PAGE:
Carpenter outdueled by dominant Lee
Molina breaks up no-no in eighth; Cards held to three hits
CLEVELAND -- The reports of the Cardinals' offensive life were, apparently, greatly exaggerated.
The Redbirds came to Cleveland riding a Florida-born wave of good feelings, having dropped 19 runs on the Marlins in back-to-back wins. They leave the shores of Lake Erie having tallied six runs in three games, and smarting from a 3-0 shutdown at the hands of Cliff Lee and the Indians in the series finale on Sunday night.
Lee stifled St. Louis, taking a no-hitter into the eighth inning, as the Indians won the three-game Interleague series. Lee retired 20 batters in a row after two first-inning walks, and he didn't see his bid for history come to an end until Yadier Molina doubled off the wall in right field to lead off the eighth. It was the 22nd time in the past 32 games that the Cardinals were held to three runs or fewer.
"He pitched very well tonight," Cards manager Tony La Russa said. "He pounded the strike zone. As the game went on, we got fewer and fewer pitches to hit. He deserved to win."
Lee's brilliance meant that any slipup from Chris Carpenter would be enough to beat the Redbirds, and Carpenter made a couple. He was behind 2-0 before he recorded his first out, thanks to a walk and a Mark DeRosa home run to open the first inning. Four innings later, Kelly Shoppach added a homer.
Carpenter, who looked shaky in the first couple of innings, got much stronger as he went along in a seven-inning outing. He sent down the last eight batters he faced, and 15 of the last 16. Yet for the third time in his past five starts, Carpenter turned in a quality start in a game the Cardinals lost.
"My command was obviously not where it needed to be in the first," Carpenter said. "Any time you walk the leadoff hitter, there's a good chance you can get yourself into some trouble. I left a ball up to DeRosa and he hit it out. Besides that, I felt like I pitched pretty well the rest of the game, except for that one spinning cutter that I threw to the catcher."
Carpenter would have needed to be perfect to match Lee, the reigning American League Cy Young winner. Lee walked two of the first three Cardinals batters, putting him in a first-inning jam. But Ryan Ludwick flied out and Nick Stavinoha grounded into a forceout, stranding the two runners, and the Cards didn't record another baserunner until Molina's double. Even then, the chance was wasted, as Molina was stranded at third base.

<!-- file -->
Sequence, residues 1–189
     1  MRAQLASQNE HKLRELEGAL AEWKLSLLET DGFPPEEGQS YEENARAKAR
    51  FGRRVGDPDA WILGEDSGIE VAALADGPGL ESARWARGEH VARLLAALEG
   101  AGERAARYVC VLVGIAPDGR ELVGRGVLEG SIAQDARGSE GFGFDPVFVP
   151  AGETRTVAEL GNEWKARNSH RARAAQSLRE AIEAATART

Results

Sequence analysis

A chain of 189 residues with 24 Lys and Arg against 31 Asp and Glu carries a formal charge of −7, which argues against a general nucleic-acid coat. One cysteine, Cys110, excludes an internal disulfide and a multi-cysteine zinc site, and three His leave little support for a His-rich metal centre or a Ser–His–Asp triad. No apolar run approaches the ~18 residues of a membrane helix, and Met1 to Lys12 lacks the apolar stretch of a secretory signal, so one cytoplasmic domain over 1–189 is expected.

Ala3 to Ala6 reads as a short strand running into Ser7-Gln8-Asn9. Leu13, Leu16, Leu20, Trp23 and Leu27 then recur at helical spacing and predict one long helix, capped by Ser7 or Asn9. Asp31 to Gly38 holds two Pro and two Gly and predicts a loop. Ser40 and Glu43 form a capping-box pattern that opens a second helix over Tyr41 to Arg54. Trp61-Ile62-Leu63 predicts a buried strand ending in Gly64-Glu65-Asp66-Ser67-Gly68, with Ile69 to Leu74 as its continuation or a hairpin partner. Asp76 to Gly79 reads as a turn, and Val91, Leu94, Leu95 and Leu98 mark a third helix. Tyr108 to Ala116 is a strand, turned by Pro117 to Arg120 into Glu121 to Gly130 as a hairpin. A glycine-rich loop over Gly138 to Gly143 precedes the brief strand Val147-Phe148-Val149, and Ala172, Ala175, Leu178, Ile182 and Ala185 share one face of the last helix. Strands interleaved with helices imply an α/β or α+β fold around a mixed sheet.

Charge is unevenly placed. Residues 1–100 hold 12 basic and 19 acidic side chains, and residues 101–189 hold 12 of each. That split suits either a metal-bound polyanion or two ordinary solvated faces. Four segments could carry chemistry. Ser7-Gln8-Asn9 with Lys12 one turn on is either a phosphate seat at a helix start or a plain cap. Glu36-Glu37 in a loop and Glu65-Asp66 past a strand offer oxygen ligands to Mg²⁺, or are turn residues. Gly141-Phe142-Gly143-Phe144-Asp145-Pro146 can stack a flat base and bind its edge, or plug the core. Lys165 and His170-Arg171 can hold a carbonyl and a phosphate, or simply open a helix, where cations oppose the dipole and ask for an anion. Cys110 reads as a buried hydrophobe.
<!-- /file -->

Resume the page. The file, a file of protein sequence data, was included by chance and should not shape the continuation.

"You're just trying to get on base," Molina said. "I tried to get on base and I did. That's part of my job."
As Lee pitched deeper into the game, threatening to throw the first no-hitter against the Cardinals since Fernando Valenzuela in 1990, the Progressive Field crowd grew louder and more engaged. It was in notable contrast to how they treated Lee at the start of the game. His first five pitches were balls, and when he finally threw a strike, the fans gave him a sarcastic cheer.
A second walk in three batters made it look like he might really be in trouble. And then there was no more trouble for the lefty. Lee threw 11 balls in the first inning -- and 12 the rest of the game. He finished with a 93-pitch, three-hit shutout, throwing 70 strikes.
"He threw his fastball a lot," Skip Schumaker said. "He threw it up and down, outside and inside. He didn't just throw it down the middle. I knew he threw a lot of fastballs, but he was locating with it and had his good cutter working. I don't think he threw more than five curveballs. He's a fastball pitcher, and he located really well tonight."
Schumaker was one of several Cardinals who refused to treat Sunday night, or even the six-run weekend, as a sign of the return to the offensive malaise that pervaded the club throughout May and early June. Still, results are results, and six runs in three games is rather short of a powerful display.
"I thought we did better the first game than it showed," Schumaker said. "We hit the ball good. [Tomo] Ohka pitched a good game [on Saturday], but I thought we put together good at-bats. It's just kind of a weird thing going on right now. I think we're pretty close to where we need to be, even though we just got [three-hit]. We have the type of lineup that I really do believe in."
St. Louis remained one-half game behind Milwaukee in the National League Central, missing a chance to take over sole possession of the division's top spot.
Matthew Leach is a reporter for MLB.com. This story was not subject to the approval of Major League Baseball or its clubs.